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The Arguments for Hydrogen Combustion Engines

BMW envisions the development of hydrogen combustion engines that eventually use charged, direct injection to deliver high efficiency. The current Hydrogen 7 is represented by the H2-PFI column. Click to enlarge. Source: BMW

Speaking at the California Air Resources Board Zero Emissions Vehicle (ZEV) Symposium, representatives from Sandia National Laboratories and BMW laid out the rationale and technical strategies for a focus on hydrogen-fueled combustion engines (H2ICE).

Using hydrogen with a combustion engine, according to Dr. Andy Lutz from Sandia, is a pragmatic bridge to a hydrogen economy. The technology is available today and economically viable in the short term, with fewer constraints concerning hydrogen storage compared to fuel cells. Impurities, for example, are a non-issue for a combustion engine (“You burn them right up.”).

PHydrogen engines have demonstrated efficiencies (BTE) in excess of today’s gasoline engines, NOx is the only regulated tailpipe pollutant resulting from hydrogen combustion, and carbon dioxide is a non-issue, at least in terms of the driving (Tank-to-Wheels) component of the lifecycle.

Although current efforts by Ford and BMW reflect early stage development, both BMW and Sandia outlined technology approaches for subsequent generations of H2ICE systems that could deliver significant improvements in fuel economy and emissions reduction, while delivering additional power.

BMW’s projected product pathway. Click to enlarge. Source: BMW.

Dr. Edgar Berger from BMW, in particular, described a future generation H2ICE 4-cylinder engine that could deliver more than 140 kW (188 hp) of power with fuel consumption of 1.4 to 1.6 kg H2/100 km.

One can reach, in fact, 1kg/100km H2—but the price is to reduce vehicle properties and customer benefits.

—Edgar Berger

In terms of its basic combustion properties, hydrogen offers certain benefits and certain challenges compared to gasoline. (See table below.)

Combustion properties of gasoline, CNG and hydrogen. Favorable hydrogen properties are tagged in blue; unfavorable in red. Click to enlarge. Source: Sandia National Laboratories

Its wide flammability range (Φ) supports a much leaner burn mixture—a factor that is important for emissions management strategies. The much higher laminar flame velocity produces stable flames under more extenuating circumstances, and, combined with the higher autoignition temperature, creates a higher research octane number that supports higher compression.

On the downside, hydrogen has a high stoichiometric volume fraction, which affects how much charge passes through the engine in a given displacement, and in turn affects the power of the engine.

It also has a lower minimum ignition energy and hence has a tendency to pre-ignite.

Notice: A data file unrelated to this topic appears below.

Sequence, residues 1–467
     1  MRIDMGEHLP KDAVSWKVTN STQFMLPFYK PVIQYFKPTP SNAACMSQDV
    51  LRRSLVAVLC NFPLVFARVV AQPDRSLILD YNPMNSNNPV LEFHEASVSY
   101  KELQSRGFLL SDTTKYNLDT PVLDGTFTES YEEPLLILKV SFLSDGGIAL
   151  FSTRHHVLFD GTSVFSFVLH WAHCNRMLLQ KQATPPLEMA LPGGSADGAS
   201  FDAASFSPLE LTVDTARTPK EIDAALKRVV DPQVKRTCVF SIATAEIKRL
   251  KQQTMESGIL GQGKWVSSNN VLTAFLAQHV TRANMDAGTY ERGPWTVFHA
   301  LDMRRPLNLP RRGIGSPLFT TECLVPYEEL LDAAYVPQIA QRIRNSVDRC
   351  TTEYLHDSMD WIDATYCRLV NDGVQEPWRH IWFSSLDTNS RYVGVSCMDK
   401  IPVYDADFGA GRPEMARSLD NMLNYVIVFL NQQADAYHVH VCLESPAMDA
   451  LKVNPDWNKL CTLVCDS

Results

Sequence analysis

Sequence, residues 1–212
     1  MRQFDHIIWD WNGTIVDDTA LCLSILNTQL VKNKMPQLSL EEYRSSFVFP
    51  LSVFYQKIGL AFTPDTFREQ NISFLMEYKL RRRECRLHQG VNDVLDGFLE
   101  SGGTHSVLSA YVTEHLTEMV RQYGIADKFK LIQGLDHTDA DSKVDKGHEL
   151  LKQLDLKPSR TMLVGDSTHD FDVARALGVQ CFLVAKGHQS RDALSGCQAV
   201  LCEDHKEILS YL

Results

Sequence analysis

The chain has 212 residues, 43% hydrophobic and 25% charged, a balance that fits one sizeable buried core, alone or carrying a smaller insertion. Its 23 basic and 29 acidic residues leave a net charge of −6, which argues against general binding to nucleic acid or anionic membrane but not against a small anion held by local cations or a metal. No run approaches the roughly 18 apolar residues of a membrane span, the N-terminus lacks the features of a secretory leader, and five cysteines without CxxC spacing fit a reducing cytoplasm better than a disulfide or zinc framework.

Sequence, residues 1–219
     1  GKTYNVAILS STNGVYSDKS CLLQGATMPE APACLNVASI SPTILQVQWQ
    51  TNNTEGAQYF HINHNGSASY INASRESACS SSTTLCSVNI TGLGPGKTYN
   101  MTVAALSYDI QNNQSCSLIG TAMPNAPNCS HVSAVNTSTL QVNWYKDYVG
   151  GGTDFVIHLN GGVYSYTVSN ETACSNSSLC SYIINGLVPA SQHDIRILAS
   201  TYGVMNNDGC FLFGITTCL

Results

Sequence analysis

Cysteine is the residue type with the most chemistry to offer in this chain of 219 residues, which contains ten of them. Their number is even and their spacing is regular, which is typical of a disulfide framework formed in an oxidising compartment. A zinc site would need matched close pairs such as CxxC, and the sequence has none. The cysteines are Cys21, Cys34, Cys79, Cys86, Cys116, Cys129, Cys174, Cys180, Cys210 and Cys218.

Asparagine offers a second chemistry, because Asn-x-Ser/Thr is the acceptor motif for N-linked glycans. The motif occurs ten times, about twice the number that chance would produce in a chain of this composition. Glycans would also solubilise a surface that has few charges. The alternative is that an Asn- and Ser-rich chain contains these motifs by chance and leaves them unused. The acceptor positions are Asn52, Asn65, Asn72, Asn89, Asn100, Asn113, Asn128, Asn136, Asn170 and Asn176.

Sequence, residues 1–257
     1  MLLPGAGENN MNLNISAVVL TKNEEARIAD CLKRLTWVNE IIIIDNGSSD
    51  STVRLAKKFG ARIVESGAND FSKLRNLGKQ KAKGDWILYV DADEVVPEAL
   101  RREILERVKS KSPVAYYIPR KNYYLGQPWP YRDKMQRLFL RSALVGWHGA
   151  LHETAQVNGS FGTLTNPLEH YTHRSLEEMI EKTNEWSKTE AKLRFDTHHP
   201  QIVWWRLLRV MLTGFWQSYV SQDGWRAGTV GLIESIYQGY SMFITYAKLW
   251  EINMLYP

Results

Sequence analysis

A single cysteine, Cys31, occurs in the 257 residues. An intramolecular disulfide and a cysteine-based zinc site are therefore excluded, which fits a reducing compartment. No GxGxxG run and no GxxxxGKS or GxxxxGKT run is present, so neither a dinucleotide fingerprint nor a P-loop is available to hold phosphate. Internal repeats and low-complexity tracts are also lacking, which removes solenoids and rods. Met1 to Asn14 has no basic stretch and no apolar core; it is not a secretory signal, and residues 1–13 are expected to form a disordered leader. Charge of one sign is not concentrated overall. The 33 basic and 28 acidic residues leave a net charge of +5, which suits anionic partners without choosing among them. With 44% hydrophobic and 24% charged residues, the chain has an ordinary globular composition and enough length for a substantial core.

The researchers at Sandia have identified five possible approaches to dealing with the challenges posed by hydrogen combustion.

  1. Continuous ultra-lean (Φ<0.45) operation with improved power densities. This, combined with turbo- or supercharging is the approach Ford is taking with its H2ICE Focus passenger car and E450 shuttle bus. For also has a H2ICE-hybrid research vehicle—the H2RV— that combines a 2.3-liter combustion engine with a 30 hp electric motor. All vehicles deliver SULEV emissions or better.

  2. Operate at stoichiometric conditions (Φ=1) with aftertreatment. Possible routes within this strategy include the use of liquid fueling to prevent preignition if the fuel can be kept cold to the point of injection; direct injection, and the use of Exhaust Gas recirculation.

  3. A multi-mode strategy. This is the approach BMW is taking with its Hydrogen 7, running ultra-lean under partial load to minimize engine-out NOx, and at stoichiometric condition under full load, coupled with the use of a three-way catalyst to handle the resulting NOx. (Earlier post.)

  4. Another variation of the multi-mode strategy uses ultra-lean mixes at low load, pressure boost in the medium range, and then lean NOx traps at high load. Ford is looking into this for the H2ICE Focus.

  5. Sandiah2ice2
    Click to enlarge. Source: Sandia National Laboratories
    Mixture stratification with direct injection. This approach would use a stratified and extremely lean mix at idle. At low-load, it would move to an ultra-lean homogeneous mixture. As load increases, the system would start using stratification with direct injection, and then rely on the lean NOx trap at high load. Sandia concludes that such an approach could theoretically deliver BTE of greater than 45%, with emissions significantly below SULEV.

It’s complicated, but with electronic controls there are a variety of things that can be done.

—Andy Lutz

For its part, BMW outlined an ambitious development plan that it intends to result in mono-fuel hydrogen engines with greatly improved efficiency and reduced fuel consumption that it can apply across its entire model range, from luxury to compact.

Advanced energy management. Click to enlarge. Source: BMW.

Mirroring some of the Sandia work, BMW is ultimately looking toward a charged, direct-injection engine as a future generation platform. Berger also described a hybrid architecture that would combine a small fuel cell with the hydrogen combustion engine to augment electric power for vehicle subsystems and traction power.